One afternoon earlier this summer, when the heat was getting to all of us, and we needed an activity to kill that last hairy hour before supper, we found a fairy door. It was in our back yard, at the base of a tree we'd walked by about a 1000 times before.
Before we opened the door, my three-year old had never heard of fairies. I mean, maybe she had heard of a fairy godmother or the tooth fairy but she really had no clue that they were the kind of creatures that hid up in the treetops, crouching behind the leaves while giggling at us as we craned our necks to see them; that danced in the sunlight as it cuts through the backyard at dusk; that flitted around on the backs of the Finches that eat from the bird feeder outside our kitchen window. It took about 5 minutes before she was running around the backyard gathering pebbles to make their walkway, twigs to make a swing and a slide, and flower petals to decorate for their "first night arrival" party. After we decorated the base of the tree we got dressed up and made flower crowns and pulled our table and chairs outside so we could eat our spaghetti dinner in their midst. We cheers-ed with wine and milk and when we went in to bed June said goodnight into the canopy of the trees.
I honestly can't remember whose idea it was to write the fairies letter. It could have been mine. I very well could have planted it. But then again that doesn't sound like something I would do so it could have been June. Or it could have just been whispered to us. I say this quite honestly but something magical happened to us this summer. And while it started with a piece of bark I handed June and told her was the doorway to a fairy house in the tree, it grew like moss, like a stream that finds its way around trees in the woods, like a carpet of trilliums in the spring. The hole seemed to come out of nowhere; directly behind the fairy door, something we only noticed after it was in place. The perfect spot to place and receive a letter. A mailbox.
It became this beautiful first moment of my day; I will always remember this summer of June, her hair wild from bed, whipping behind her, as she ran barefoot to the hole at the base of that tree, eagerly looking for her reply. Most nights it was her last request of the day before bed, often climbing silently down the stairs to peer around the living room door at us as we sat on the couch "I need to write my letter to the fairies still."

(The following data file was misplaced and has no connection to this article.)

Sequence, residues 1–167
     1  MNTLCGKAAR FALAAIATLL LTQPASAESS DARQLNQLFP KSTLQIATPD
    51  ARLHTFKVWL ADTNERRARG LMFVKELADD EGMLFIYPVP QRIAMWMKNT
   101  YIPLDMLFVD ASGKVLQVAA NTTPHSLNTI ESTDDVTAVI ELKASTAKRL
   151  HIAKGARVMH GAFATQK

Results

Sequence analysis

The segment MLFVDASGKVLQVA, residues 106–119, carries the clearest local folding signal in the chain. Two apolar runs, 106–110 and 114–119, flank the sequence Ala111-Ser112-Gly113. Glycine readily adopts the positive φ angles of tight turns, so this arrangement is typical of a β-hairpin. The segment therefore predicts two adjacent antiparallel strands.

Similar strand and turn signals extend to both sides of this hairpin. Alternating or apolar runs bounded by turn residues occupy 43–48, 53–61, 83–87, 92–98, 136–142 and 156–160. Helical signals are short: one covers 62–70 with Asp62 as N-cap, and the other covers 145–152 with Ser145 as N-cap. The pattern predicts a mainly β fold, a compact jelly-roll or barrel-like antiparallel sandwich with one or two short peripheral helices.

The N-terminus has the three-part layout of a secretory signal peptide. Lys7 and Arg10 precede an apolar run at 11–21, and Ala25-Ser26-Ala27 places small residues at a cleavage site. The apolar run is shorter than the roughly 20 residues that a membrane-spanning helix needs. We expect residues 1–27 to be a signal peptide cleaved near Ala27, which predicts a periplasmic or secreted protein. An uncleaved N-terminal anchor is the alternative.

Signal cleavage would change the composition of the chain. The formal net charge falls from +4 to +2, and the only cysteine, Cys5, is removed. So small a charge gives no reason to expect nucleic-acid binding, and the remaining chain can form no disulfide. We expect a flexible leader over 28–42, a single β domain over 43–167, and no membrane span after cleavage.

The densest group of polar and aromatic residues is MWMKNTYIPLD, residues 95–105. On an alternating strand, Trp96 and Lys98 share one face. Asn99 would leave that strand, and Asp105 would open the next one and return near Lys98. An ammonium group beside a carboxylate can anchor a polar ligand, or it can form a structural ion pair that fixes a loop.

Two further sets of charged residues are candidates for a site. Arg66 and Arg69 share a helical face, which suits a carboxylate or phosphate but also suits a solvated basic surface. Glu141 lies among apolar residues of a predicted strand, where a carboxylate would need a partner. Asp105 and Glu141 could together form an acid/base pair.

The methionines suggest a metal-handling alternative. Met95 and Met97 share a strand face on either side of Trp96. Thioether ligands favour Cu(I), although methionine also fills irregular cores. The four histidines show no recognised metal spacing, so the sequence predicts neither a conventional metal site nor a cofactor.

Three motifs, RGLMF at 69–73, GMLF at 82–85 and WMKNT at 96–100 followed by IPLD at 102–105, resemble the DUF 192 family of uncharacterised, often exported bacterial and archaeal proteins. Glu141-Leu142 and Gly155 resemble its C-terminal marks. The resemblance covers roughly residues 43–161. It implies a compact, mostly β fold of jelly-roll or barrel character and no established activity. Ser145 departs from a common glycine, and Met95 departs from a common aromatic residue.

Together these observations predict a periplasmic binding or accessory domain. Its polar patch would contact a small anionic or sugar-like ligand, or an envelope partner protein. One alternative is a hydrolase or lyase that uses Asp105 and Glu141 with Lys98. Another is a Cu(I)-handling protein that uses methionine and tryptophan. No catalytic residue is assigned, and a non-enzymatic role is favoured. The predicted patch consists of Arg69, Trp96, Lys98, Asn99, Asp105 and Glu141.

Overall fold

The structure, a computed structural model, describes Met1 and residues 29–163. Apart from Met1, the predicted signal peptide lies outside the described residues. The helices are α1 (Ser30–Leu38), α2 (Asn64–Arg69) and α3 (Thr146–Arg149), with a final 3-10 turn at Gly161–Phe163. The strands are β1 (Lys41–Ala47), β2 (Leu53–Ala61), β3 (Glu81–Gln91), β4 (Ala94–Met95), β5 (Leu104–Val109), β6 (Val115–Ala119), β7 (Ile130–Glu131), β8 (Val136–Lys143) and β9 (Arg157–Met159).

Most days her letter went like this:
"Dear fairies. Iloveyouiloveyouiloveyouiloveyoubecauseyoubringmetheletters." One day, after a particularly long day together, (as often is the case when your captive audience is a 3 and a 1 year old) June was dragging her feet to get into bed. Exasperated I said to her "June write your letter now or no letter tonight!" Ask me how awful I felt as she sobbed as she wrote "Dear Fairies, Mama's not going to let me write a letter but I love you SO MUCH."
And then as the summer wound down, and we realized the fairies would be migrating south for the winter on the backs of the monarch butterfly population (that conveniently leaves Ontario for Florida and Mexico the first weekend of September, like clockwork every year) her letters started talking about the monarch butterflies and about their trip for the winter, and while she would miss them, she would see them next summer. Of course she's three and can't write, but these are the words she spoke out loud as she wrote; it's funny but do you remember a time when you couldn't read or write in your head? The world was so much more transparent and obvious. Obviously there are fairies in trees; obviously they can't stay here this winter! Obviously when I write a letter I use my voice and my hands and my whole heart.
So on the long weekend we threw the fairies one last party. We set the tent up. Pulled the sleeping bags out. Pulled all the stops with hibiscus flowers in their swimming pool and vines around the doorway and a carpet of Hosta leaves leading away from the doorway. June added milk and creamers from the diner for their drinking cups and we fixed their swing and wrote a goodbye letter. We placed it in the hole and then after it got dark we had a bon fire and ate s'mores and then we went swimming under the stars. And after we had dried off around the fire again, we walked through the heat of that early September night and tucked our three-year old dreamer into her sleeping bag under the tree that her fairies lived in for a summer.
I woke up several times throughout the night always to the sound of the tree frogs singing away. And like magic in the morning, you could feel the fairies had left before the dawn. They had likely had one heck of a party, having left a trail of hydrangea petals from the tent door to the fairy tree. Their letter said they didn't want to wake June up. And I believe them.
In the past week she has told me how much she misses the fairies. And how she wishes she could still write them letters. But she knows they aren't there. I wonder how much of this will come to mind next summer; when the nights are hot again. When the trees start singing again. When the gladiolas won't quit. For me, as you can probably imagine happens when you are part of something magical, this summer has become seared in my mind; The summer that we found a fairy door in a tree in our backyard and the summer of June.